Less is more

I’ve reached the dreadful climactic denouement in my new story so, by way of light relief, I’ve been thinking about the structure of my first book.

As mentioned elsewhere, I’m not happy with Part 1 of The White Lady in the version currently under scrutiny by my faithful beta readers and recently submitted to unsuspecting literary agents.

I won’t bore you with my entire thought process because I’ve done nothing more than any decent, clear-sighted editor would do (although I will give credit for the daily prompts from this very nice e-learning exercise); suffice to say I have concluded that most of Part 1 (besides the opening section and the sex in chapter 5) is stilted, stodgy and dramatically slack.

I can see how this came about. I had a flash of inspiration (the garden! suffering suffragettes!) and jumped right in. I had no idea what would happen once the roses had metaphorically faded and so I meandered messily along; reminiscing, falling asleep in the sun, and forming unnecessary romantic attachments.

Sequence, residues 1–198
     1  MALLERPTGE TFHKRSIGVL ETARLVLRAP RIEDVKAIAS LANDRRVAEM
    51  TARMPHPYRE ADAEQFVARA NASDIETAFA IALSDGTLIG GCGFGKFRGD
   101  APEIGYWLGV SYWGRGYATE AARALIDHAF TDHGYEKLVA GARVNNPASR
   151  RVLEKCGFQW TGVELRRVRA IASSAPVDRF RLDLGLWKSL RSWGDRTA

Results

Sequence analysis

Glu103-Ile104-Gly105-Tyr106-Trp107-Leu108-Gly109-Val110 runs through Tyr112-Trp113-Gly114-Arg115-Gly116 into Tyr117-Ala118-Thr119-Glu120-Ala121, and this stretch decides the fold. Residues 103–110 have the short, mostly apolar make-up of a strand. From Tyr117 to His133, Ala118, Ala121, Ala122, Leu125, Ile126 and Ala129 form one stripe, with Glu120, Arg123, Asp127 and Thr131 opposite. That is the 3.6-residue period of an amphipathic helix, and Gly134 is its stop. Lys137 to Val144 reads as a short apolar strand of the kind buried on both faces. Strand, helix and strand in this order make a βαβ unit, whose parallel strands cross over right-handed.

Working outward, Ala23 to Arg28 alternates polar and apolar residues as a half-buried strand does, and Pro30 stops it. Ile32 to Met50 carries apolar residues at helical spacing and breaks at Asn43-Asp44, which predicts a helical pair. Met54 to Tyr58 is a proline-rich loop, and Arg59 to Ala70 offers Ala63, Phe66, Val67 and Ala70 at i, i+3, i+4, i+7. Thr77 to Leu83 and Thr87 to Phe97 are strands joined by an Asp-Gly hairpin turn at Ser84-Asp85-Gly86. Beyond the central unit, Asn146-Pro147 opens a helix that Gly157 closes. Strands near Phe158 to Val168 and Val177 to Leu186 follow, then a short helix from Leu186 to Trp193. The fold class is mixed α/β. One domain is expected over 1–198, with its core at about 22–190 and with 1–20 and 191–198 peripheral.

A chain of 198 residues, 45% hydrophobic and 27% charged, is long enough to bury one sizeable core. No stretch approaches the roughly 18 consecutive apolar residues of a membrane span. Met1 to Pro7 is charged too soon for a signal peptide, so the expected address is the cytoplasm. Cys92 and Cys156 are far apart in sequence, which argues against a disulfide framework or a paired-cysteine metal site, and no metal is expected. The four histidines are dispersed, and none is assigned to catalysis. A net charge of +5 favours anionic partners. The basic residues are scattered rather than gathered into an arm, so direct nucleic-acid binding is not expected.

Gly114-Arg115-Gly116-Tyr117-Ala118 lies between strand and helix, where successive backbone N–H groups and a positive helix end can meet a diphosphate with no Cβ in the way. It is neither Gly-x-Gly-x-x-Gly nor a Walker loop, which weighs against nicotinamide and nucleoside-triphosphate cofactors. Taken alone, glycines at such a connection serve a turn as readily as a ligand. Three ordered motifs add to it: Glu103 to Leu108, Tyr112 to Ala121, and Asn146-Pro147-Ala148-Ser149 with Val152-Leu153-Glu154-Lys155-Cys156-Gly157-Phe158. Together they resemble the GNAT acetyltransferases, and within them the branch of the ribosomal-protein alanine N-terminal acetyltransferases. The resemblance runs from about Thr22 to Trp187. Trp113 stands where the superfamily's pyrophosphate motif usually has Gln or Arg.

roses on wall

This should not have mattered – after all, my keyboard has a well-used ‘delete’ button – except that 100,000 words later Part 1 had become the stuff of legends; embedded in my psyche and engraved on my heart. My first-born. Perfect. Untouchable.

I’m not beating myself up about this (although I do feel embarrassed regret over my premature submissions) because I could not have written it any other way, at least not at this stage in my writing career. I must not minimise the anxiety I felt at the time: not enough words, not enough worthy themes, not enough story.

But I have learnt two lessons.

Start with a draft. I agonised over words and so didn’t see the paragraphs, let alone the plot. And, having spent so much time and effort on so much beautiful prose, change became impossible.

Have clear aims. My original aim was to write a feminist social history of early 20th century England focusing on the contribution of militant suffragists with additional modules on rural deprivation, mental illness, and temperate climate horticultural.

My new aims are thus:

  • to keep readers reading
  • to help readers get to know (and maybe like) my protagonist
  • to paint my protagonist’s world as she is experiencing it 
  • er, that’s it…



About Hannah

Author of literary historical fiction set in the First World War. Revising my first book, writing the next, seeking representation. Mountaineer, gardener, traveller, off-road runner. Africa, modern history, coffee, roses, films, book and unrealistic romance. NHS midwife in a former life.
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